Showcasing Hong Kong’s student design talent

Hong Kong design talent

For the past two years, I’ve been fortunate to be involved in ‘Imaginations’ a major design competition run by Disneyland Hong Kong for teams of design students. Yesterday was the presentation day, with the winning team rewarded with an amazing prize of an internship with Disney’s Imagineering team in California and here in Hong Kong.

The teams typically come from the four big university design schools in HK (S.C.A.D, the Chinese University, HK Design Institute and HK Polytechnic University), featuring a mix of students from different disciplines including architecture, animation, film, graphic design and digital interaction. Their brief is a fairly open one: to create a new experience at Disneyland. And they have a large amount of flexibility as to how they approach it, spending up to six months on the project, much of it over their summer break.

Ten short-listed teams go forward to a final presentation day, each having just 15 minutes to present their project to a panel of senior management from Disneyland. And that’s where I come in. The work (certainly from the finalists) is outstanding. But historically their presentation of it was very poor. So Disney asked me to work with the teams to help set up their presentation, tell the story of their project and get their message across in a powerfully engaging and memorable way. And much to the students (and sometimes their professors’) surprise, that does not involve doing a skit with costumes, songs and dancing that whilst possibly entertaining, completely buries the work itself and wastes six months of effort.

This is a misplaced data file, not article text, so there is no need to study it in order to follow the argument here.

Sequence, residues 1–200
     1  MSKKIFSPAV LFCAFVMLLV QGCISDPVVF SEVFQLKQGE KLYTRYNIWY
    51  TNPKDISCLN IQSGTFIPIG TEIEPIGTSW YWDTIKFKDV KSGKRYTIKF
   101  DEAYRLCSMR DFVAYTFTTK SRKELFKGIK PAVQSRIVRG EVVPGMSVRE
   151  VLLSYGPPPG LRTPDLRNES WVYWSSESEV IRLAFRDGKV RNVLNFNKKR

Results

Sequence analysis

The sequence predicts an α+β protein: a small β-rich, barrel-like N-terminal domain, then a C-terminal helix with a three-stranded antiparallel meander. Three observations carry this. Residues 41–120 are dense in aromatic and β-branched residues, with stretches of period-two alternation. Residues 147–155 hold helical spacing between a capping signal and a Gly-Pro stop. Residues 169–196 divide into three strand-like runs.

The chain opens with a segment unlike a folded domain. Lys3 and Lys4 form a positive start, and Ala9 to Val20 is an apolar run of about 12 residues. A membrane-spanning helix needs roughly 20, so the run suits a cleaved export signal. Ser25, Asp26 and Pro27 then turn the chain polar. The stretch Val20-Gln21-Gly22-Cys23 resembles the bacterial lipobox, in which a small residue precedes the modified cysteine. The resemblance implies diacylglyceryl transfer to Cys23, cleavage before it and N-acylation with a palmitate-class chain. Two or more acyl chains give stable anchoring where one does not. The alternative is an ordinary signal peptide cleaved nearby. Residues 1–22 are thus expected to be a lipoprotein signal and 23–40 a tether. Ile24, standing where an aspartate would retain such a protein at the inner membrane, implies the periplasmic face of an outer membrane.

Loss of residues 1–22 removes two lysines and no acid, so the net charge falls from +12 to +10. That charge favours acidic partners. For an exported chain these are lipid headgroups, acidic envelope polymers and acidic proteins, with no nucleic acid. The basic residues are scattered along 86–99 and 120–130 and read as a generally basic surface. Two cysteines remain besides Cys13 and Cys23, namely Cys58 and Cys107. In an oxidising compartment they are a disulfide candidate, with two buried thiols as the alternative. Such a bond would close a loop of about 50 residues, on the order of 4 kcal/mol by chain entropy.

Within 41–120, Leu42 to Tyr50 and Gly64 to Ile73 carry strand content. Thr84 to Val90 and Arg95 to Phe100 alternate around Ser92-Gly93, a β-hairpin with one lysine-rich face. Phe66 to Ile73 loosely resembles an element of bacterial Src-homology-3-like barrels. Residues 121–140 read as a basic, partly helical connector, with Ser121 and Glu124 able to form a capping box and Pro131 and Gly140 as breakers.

I try and disseminate my experience from my 20 odd years of presentations in the commercial world. Years of presentations that can significantly affect a business; positively or negatively, depending on how they are received. Disney are the master story-tellers. And they’re certainly not short of experience when it comes to creating world-class experiences. So the panel are looking for clarity of thought around a big idea, detailed consideration of how it can come to life and most importantly, they are looking for belief that visitors to the park will love it – that it will add to the magical experience Disney have been delivering around the world, day in, day out since Walt & Roy Disney opened their first park in 1955.

Working with the students is inspiring. Their technical skills, whether it be architecture, animation or graphic design are brilliant – a testament to the teaching in HK’s design schools. But more than that, it’s the raw creativity that I love. Creative thinking as yet unimpaired by the commercial world, by agencies and design firms ‘coaching’ it out of them.  It inspires me to bring that back to my own business; to ensure that my creative team have freedom to express themselves, aligned to a full understanding of the client’s business need, the problem we’re trying to solve and relevant market insights in order to create world class work. I look at the work of the students in the competition, and then at the average level of creative work in Hong Kong and there is a massive gap - in the wrong direction. There is still a job to do to raise the standards of work in Hong Kong (and more generally across Asia). Importantly, a key part of that is for marketers and CEOs to understand the value of investing into great design – from strategy to execution – and not be content with a quick fix.

As economic growth in the region begins to slow, as competition increases and consumers become more savvy, brands will need to work harder to differentiate in order to win. To me that bodes well for these students. I hope that they will graduate into an environment that encourages and values innovative thinking and world-class creativity.  In the meantime, we at StartJG will continue to do our little bit to move the industry in the right direction.

Jonathan is MD of StartJG in Hong Kong. Read more from him in our Clubhouse and follow him on Twitter @JonathanHK